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Austin, TX 78701

512-917-4378

hris Perri Law is a criminal defense law firm located in Austin, Texas.

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Chris' Blog

The blog of Chris Perri Law, written by Chris Perri and Shannon Perri. Read the latest in exciting cases where justice is served.

Filtering by Category: Parking Tickets

City of Austin vs. Chris Perri

Chris Perri

A few weeks ago, I drove to Town Lake for one of my longer runs.  Despite being around 11 am on a weekday, all of the parking spaces were full.  I saw that some cars had driven onto a dirt area to park their cars, and I followed suit.  After returning from my run, I found a $50 parking ticket on my windshield for parking in a “Tow Away Zone,” despite there being no sign that indicated it was such a zone.  Needless to say, I was upset. Because I’d parked in this area on previous occasions, along with seeing other people regularly park there, I decided to contest the ticket.  According to the City of Austin procedure, violators are entitled to a hearing if they come to the Municipal Court within 30 days of receiving a ticket.  Also, being a criminal defense attorney, I figured it was my duty to fight the seemingly unfair ticket, rather than just pay it off.  At the very least, I could receive valuable information on whether I had illegally parked at Town Lake.

Today, I prepared my evidence and got in line.  After about a 15 minute wait, a “hearing officer” was ready to judge my case.  The hearing is very informal, as it takes place in a small office with an audio recorder.  After being sworn in, the officer asked me a few basic questions about the circumstances of me receiving the ticket.  Then, she allowed me to present my side of the story.  Using my three photographs as exhibits, I presented my case.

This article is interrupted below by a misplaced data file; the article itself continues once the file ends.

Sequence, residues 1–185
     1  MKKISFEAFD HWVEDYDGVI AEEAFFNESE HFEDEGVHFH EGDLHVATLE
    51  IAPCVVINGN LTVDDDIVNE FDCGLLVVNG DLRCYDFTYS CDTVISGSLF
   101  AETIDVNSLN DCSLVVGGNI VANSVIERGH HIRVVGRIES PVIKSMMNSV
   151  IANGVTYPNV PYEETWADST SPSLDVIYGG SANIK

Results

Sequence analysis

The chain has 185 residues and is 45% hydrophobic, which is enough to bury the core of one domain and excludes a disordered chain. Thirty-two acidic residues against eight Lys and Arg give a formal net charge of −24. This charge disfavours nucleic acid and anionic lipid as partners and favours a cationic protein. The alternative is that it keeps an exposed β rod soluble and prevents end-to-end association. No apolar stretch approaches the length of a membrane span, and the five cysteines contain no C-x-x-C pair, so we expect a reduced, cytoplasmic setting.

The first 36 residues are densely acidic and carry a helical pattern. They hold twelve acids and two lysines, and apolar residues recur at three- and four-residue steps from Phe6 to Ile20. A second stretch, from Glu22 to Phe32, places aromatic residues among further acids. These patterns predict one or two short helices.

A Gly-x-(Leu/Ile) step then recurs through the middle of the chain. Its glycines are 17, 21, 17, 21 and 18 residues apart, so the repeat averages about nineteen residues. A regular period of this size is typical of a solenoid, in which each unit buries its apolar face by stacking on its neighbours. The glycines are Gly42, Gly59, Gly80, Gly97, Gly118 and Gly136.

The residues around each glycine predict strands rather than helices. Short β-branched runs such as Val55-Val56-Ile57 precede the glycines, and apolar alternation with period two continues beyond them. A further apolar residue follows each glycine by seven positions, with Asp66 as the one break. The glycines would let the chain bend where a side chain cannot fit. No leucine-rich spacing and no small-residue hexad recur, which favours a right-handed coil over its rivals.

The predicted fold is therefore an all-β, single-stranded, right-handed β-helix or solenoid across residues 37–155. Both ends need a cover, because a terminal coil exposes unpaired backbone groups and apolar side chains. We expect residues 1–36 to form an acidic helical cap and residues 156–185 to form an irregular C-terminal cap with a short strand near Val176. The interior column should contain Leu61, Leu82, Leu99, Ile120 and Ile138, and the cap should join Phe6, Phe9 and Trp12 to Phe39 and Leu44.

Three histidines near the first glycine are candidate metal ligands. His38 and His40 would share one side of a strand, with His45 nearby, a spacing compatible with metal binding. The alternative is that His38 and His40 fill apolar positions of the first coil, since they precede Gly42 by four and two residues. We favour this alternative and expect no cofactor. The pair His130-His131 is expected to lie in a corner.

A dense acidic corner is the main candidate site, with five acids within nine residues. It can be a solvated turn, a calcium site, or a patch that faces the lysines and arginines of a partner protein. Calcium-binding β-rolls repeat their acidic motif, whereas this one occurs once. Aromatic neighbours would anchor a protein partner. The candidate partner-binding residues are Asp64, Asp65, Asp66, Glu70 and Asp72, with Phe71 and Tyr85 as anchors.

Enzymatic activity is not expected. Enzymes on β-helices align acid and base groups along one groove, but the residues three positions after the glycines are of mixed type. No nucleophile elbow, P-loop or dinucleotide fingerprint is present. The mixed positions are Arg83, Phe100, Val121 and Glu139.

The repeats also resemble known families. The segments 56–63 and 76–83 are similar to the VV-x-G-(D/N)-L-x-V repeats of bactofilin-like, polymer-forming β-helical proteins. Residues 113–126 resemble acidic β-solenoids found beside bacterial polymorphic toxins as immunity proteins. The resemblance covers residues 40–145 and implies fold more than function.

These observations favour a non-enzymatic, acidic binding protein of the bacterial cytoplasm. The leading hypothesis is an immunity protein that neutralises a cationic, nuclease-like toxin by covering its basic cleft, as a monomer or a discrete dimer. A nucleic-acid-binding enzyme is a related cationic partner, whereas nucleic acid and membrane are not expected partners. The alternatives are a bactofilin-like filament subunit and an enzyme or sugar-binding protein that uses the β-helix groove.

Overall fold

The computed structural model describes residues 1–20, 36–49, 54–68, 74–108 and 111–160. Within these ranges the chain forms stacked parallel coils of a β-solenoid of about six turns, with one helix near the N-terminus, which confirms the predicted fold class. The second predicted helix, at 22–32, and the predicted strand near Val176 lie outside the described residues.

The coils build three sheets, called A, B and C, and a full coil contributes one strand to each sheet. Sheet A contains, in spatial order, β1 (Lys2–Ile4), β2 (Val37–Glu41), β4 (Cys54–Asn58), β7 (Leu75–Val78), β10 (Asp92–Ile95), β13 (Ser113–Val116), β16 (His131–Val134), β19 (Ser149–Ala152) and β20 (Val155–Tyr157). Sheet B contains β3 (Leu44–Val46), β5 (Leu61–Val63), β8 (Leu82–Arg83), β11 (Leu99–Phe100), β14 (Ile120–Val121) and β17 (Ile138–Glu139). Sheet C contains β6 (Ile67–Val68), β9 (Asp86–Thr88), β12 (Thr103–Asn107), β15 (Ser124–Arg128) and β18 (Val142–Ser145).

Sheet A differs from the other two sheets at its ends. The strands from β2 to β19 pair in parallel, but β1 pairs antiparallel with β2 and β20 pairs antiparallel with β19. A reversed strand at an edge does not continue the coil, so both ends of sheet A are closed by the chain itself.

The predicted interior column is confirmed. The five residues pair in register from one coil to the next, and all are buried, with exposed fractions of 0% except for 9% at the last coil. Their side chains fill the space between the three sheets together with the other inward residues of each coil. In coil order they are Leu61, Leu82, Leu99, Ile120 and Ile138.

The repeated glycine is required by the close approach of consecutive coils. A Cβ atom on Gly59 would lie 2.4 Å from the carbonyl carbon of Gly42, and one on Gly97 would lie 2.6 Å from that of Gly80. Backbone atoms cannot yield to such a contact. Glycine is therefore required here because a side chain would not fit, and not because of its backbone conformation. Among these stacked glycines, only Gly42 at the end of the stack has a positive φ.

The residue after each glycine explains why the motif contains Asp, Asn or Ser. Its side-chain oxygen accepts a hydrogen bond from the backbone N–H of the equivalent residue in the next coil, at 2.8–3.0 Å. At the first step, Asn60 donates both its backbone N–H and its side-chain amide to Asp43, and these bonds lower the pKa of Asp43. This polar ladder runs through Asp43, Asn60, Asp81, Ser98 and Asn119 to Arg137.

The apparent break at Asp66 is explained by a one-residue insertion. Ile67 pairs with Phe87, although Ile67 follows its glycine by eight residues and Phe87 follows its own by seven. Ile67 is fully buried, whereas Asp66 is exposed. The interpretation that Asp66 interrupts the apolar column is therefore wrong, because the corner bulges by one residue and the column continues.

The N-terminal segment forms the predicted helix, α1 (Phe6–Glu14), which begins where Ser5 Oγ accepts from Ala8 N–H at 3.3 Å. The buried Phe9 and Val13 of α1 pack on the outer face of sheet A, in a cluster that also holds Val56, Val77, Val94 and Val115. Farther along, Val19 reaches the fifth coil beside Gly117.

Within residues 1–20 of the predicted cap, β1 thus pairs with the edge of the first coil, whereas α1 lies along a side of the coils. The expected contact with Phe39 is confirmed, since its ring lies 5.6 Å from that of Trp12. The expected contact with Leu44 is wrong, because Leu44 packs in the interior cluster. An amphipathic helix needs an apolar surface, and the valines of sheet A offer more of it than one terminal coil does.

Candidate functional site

The first picture shows that there is a “No Parking” sign, but the arrows point to the left and right.  To a reasonable person, this sign indicates that there is to be no parking in the roadway.  To demonstrate that there was a roadway (and that I was not on this roadway), I showed this picture:

Finally, I pointed out that cars often park in this dirt area, as demonstrated by the minivan, along with the tire marks in the following photograph:

The hearing officer informed me that I was incorrect.  She pointed out that there was a curb that I had to drive over in order to park in the dirt.  I responded that it was a very low curb and functioned similar to a ramp, but she asked me whether it was indeed a curb.  On this point, I agreed.  She also questioned me whether there were any signs that indicated this was a legal parking area.  I answered that there were none.  Plus, the hearing officer pointed out that there are “2-hour parking” signs next to the legal spots.  For these reasons, I was parking in an illegal area.  She then proceeded to educate me regarding why the area consisted entirely of dirt: people like me park there, ruining the lush grass that had formerly been enjoyed by Austinites!

At this point, I was ready to leave, tail between my legs.  This criminal defense attorney had been whipped, and I knew it.  But, she stated that she was dismissing my ticket because I was correct when I initially pointed out that I was not in a “Tow Away Zone.”  Instead, the ticket-writer should have indicated that I had parked in a “Right of Way” area.   Due to the fact that my ticket had been improperly marked, I was relieved of any obligation to pay.  Ah, a technicality – a defense attorney’s best friend.

That’s right, City of Austin, don’t mess with the baddest lawyer in town!